In some living cells the order of penetration of certain cations corresponds to that of their mobilities in water. This has led to the idea that electrolytes pass chiefly as ions through the protoplasmic surface in which the order of ionic mobilities is supposed to correspond to that found in water.

If this correspondence could be demonstrated it would not prove that electrolytes pass chiefly as ions through the protoplasmic surface for such a correspondence could exist if the movement were mostly in molecular form.

This is clearly shown in the models here described. In these the protoplasmic surface is represented by a non-aqueous layer interposed between two aqueous phases, one representing the external solution, the other the cell sap.

The order of penetration through the non-aqueous layer is

Cs > Rb > K > Na > Li.

This will be recognized as the order of ionic mobilities in water. Nevertheless the movement is mostly in molecular form in the nonaqueous layer (which is used in the model to represent the protoplasmic surface) since the salts are very weak electrolytes in this layer.

The chief reason for this order of penetration lies in the fact that the partition coefficients exhibit the same order, that of cesium being greatest and that of lithium smallest.

The partition coefficients largely control the rate of entrance since they determine the concentration gradient in the non-aqueous layer which in turn controls the process of penetration. The relative molecular mobilities (diffusion constants) in the non-aqueous layer do not differ greatly. The ionic mobilities are not known (except for K+ and Na+) but they are of negligible importance, since the movement in the non-aqueous layer is largely in molecular form. They may follow the same order as in water, in accordance with Walden's rule.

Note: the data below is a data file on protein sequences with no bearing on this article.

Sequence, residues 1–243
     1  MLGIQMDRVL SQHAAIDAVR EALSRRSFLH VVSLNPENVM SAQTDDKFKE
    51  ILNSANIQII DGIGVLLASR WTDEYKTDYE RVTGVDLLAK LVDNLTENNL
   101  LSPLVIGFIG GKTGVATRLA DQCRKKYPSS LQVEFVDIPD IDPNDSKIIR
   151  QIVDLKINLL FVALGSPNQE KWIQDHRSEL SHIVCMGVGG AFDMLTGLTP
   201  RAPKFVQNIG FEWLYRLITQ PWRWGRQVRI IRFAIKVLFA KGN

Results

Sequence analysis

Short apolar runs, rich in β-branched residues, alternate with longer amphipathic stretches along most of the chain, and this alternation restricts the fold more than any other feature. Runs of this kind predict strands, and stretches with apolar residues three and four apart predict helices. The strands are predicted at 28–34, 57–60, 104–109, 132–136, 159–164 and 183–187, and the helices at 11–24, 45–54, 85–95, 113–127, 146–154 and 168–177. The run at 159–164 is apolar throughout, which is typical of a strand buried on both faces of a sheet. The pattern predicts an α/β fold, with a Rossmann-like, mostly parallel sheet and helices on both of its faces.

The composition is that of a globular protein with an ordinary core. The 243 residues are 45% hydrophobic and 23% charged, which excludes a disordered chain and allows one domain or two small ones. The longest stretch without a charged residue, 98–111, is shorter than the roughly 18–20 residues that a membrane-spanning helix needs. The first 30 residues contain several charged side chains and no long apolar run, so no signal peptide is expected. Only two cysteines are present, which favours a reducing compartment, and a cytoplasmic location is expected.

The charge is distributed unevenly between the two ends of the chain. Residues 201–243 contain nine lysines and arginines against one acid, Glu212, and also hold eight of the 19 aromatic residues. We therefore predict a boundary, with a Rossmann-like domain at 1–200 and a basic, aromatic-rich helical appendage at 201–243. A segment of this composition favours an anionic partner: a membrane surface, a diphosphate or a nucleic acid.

Ammonium appears to enter faster than its partition coefficient would lead us to expect, which may be due to rapid penetration of NH3. This recalls the apparent rapid penetration of ammonium in living cells which has also been explained as due to the rapid penetration of NH3.

Both observation and calculation indicate that the rate of penetration is not directly proportional to the partition coefficient but increases somewhat less rapidly.

Many of these considerations doubtless apply to living cells.

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